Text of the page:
(NP) ABS Clearing-House: The Secretariat introduced the document (CBD/NP/MOP/4/6). Many welcomed the steady increase of national records available on the ABS Clearing-House, highlighting the need for continued capacity building. The EU and SWITZERLAND reiterated a call to publish and update all relevant information. The UK highlighted its recent publication of checkpoint communiques. The AFRICAN GROUP highlighted the importance of electronic ABS systems for making effective use of the interoperability mechanism. A CRP will be prepared.
(CBD) Marine and Coastal Biodiversity: Ecologically or biologically significant marine areas (EBSAs): The Secretariat introduced the item, drawing attention to SBSTTA Recommendations 23/4 and non-finalized 24/10, and the results of the online discussion forum (CBD/EBSA/OM/2022/2/1). The Working Group agreed that the clean text from SBSTTA recommendation 23/4 be converted into a CRP, and a contact group be established to address SBSTTA Recommendation 24/10.
Conservation and Sustainable Use: The Secretariat introduced documents, including the non-finalized SBSTTA Recommendation 24/9 and the outcomes of the online discussion forum (CBD/MCB/OM/2022/1/1). The item will be addressed by the contact group on EBSAs.
(CP) Detection and Identification of Living Modified Organisms (LMOs): The Secretariat introduced the document (CBD/CP/MOP/10/10/Rev.1). The AFRICAN GROUP welcomed the draft decision, stressing the need to keep pace with developments in synthetic biology and for appropriate capacity building. NEW ZEALAND supported capacity-building efforts, noting that they should be consistent with the capacity-building action plan for the Cartagena Protocol.
The EU and NEW ZEALAND suggested welcoming the finalization of the training manual. BRAZIL stressed that the decision should focus on LMOs that may have adverse effects on the conservation and sustainable use of biodiversity, suggesting deleting references to synthetic biology and recognizing the need for relevant capacity building. SOUTH AFRICA highlighted the need to address transboundary movements of LMOs and called for GEF support for regional projects. The REPUBLIC OF KOREA underscored the importance of information sharing and cooperation. A CRP will be prepared.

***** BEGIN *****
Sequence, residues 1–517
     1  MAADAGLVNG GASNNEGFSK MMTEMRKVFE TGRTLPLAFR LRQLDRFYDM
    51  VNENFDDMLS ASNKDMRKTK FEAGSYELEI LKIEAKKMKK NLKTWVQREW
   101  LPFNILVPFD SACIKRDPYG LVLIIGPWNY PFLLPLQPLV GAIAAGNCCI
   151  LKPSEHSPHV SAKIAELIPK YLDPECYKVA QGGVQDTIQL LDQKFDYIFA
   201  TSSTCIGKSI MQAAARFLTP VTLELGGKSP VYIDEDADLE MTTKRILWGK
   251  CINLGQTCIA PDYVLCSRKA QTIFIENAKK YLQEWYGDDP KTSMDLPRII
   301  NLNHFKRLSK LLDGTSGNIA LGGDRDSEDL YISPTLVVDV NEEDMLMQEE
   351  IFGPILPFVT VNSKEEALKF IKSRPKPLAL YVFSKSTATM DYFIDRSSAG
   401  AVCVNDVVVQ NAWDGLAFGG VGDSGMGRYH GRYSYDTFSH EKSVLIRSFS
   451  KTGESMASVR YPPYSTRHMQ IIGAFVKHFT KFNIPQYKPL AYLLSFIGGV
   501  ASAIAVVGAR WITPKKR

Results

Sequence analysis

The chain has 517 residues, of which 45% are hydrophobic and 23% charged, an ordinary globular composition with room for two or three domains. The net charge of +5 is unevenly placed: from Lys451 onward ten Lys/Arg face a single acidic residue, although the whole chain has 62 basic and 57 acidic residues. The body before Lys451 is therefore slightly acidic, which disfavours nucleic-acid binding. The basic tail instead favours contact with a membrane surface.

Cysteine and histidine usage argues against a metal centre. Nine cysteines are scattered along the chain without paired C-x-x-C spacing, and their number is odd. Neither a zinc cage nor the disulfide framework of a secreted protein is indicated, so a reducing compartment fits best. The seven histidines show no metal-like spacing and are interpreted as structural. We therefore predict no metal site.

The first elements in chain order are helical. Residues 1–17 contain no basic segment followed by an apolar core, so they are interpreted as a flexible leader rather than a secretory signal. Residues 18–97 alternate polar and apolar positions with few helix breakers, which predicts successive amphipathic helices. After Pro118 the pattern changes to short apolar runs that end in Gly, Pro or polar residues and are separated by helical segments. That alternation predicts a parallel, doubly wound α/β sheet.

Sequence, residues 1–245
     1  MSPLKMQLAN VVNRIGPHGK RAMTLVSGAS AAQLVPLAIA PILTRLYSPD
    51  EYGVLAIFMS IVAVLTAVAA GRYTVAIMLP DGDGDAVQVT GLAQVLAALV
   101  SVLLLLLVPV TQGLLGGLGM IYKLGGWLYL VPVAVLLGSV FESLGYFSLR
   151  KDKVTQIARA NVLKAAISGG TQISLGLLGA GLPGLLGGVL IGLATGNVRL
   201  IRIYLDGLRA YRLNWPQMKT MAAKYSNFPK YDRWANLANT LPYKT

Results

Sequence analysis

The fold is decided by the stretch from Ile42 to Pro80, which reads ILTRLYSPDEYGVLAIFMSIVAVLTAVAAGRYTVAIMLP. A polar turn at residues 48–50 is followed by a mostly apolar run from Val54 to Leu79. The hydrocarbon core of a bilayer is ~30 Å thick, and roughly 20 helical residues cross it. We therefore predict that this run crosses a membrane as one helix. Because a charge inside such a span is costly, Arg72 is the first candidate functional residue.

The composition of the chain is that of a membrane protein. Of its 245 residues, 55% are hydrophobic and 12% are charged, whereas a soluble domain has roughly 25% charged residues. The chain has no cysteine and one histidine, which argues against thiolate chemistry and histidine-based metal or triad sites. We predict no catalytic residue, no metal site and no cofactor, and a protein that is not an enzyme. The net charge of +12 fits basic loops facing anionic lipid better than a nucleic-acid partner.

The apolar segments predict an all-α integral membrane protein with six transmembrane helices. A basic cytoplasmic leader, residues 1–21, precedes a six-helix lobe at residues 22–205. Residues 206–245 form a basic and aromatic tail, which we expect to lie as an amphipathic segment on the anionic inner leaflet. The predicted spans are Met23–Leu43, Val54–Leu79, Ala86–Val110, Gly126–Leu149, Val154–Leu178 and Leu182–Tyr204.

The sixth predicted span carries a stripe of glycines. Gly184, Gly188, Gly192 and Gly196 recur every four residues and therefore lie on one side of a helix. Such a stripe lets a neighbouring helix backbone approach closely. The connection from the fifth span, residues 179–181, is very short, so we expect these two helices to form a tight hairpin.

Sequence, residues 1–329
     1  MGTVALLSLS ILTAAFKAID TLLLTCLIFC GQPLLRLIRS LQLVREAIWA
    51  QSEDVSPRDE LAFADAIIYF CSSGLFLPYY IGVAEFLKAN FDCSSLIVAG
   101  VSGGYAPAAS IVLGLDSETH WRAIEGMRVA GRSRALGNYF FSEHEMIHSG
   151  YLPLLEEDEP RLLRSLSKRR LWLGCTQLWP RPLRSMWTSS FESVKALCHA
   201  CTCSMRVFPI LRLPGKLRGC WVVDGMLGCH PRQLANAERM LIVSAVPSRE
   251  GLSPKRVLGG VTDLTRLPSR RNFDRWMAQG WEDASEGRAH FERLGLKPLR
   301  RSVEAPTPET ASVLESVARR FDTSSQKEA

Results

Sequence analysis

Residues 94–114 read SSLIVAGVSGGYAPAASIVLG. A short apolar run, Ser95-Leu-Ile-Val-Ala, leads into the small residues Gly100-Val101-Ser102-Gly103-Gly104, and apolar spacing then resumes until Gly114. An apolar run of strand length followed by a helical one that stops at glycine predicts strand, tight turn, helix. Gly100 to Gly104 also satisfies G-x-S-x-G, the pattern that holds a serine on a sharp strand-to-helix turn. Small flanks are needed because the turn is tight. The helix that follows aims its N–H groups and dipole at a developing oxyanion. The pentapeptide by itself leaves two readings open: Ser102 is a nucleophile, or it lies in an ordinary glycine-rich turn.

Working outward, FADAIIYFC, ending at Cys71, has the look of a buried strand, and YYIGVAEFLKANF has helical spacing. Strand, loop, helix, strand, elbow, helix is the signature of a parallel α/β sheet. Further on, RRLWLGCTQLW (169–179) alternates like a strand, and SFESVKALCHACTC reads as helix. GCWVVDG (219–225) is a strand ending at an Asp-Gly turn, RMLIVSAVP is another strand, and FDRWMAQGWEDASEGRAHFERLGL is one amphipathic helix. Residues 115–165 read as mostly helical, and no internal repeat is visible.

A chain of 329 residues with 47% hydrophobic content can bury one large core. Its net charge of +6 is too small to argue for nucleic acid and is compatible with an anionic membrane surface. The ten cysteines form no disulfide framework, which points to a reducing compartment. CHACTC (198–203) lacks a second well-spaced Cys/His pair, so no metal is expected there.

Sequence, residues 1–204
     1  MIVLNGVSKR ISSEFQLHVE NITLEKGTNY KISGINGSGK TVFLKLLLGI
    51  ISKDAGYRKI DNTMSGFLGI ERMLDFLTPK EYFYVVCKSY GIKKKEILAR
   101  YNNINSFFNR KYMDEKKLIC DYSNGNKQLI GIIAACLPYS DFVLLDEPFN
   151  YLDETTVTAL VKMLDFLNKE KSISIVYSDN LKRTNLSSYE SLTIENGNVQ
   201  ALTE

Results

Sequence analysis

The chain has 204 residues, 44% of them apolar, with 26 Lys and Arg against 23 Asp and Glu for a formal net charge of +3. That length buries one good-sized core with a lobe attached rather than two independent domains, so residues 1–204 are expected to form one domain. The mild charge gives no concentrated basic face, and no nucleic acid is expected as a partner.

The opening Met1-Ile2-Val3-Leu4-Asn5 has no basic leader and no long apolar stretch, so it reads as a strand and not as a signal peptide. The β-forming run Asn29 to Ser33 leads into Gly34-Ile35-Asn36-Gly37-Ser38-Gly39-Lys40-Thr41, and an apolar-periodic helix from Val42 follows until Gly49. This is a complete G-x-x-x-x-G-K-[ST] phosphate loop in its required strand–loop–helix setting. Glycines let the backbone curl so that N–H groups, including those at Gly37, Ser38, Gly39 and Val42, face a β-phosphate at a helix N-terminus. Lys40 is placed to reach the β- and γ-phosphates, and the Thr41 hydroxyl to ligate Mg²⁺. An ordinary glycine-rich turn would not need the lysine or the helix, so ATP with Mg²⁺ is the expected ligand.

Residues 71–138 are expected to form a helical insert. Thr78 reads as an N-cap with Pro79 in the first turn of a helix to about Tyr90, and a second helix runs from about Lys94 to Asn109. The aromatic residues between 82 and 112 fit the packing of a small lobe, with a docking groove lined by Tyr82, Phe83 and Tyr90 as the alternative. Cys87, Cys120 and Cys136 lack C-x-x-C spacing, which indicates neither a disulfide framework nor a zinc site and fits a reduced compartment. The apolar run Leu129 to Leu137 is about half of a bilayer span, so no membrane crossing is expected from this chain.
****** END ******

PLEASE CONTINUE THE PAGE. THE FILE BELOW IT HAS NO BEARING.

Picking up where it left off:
(CP) Nagoya-Kuala Lumpur Supplementary Protocol: The Secretariat introduced the document (CBD/CP/MOP/10/9). The EU lauded the entry into force of the Supplementary Protocol as a big step forward, and called for further ratifications. BRAZIL requested that the draft decision highlight that capacity building is available for parties to the Supplementary Protocol. A CRP will be prepared.
(NP) Capacity development and awareness raising: The Secretariat introduced the documents (SBI Recommendation 3/9 and CBD/NP/MOP/4/5). The EU supported incorporating the elements of the awareness-raising strategy into the revision of the strategic framework for capacity-building and development. The UK held that capacity building and development should be based on expressed needs. INDIA underlined the usefulness of e-learning modules. A CRP will be prepared.
In The Corridors
“This conference is our chance to stop this orgy of destruction!” The words spoken by the UN Secretary General António Guterres at the opening ceremony, a day prior to the official opening of the UN Biodiversity Conference, had their impact on participants arriving at the meeting. Some were heard quoting sentiments, reflecting on the onus of the COP to address the root causes of biodiversity loss and generate substantial financial support.
As opening plenary statements echoed the need for a sense of urgency to achieve a successful outcome, and with no time to linger, parties were hurdling to reorganize their strategy in working and contact groups. “The pressure is on like never before,” an observer said as she made her way to an evening contact group. Stark warnings from scientists and UN organizations, unprecedented media presence from all over the world, and protesters surrounding the conference center, she said, are “hopefully the missing elements needed to raise ambition and crystallize the required political will, as our entire agenda is summarized into a single purpose of saving life on Earth.”